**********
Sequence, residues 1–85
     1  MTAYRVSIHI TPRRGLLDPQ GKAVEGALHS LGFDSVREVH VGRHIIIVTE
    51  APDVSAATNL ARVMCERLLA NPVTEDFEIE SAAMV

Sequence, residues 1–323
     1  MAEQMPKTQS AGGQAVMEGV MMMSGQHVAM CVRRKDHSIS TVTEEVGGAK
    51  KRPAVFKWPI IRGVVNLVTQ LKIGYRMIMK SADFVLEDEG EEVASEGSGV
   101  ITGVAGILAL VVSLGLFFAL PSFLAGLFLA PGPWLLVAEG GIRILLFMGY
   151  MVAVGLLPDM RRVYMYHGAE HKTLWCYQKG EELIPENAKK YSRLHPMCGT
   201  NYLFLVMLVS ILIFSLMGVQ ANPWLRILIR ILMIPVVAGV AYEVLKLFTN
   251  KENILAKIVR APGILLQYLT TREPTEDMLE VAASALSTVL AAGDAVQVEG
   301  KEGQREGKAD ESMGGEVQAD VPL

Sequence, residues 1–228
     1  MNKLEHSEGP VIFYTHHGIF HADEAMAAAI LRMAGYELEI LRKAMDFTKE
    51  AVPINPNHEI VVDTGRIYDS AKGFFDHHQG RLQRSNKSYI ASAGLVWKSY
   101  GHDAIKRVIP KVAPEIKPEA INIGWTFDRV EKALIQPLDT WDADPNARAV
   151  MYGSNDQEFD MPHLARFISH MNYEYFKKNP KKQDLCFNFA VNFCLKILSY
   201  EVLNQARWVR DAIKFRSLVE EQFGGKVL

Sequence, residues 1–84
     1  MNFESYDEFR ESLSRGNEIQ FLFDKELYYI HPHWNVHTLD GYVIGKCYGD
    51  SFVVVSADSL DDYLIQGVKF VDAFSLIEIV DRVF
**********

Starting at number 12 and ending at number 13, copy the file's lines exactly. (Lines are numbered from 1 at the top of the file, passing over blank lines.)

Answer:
Sequence, residues 1–228
     1  MNKLEHSEGP VIFYTHHGIF HADEAMAAAI LRMAGYELEI LRKAMDFTKE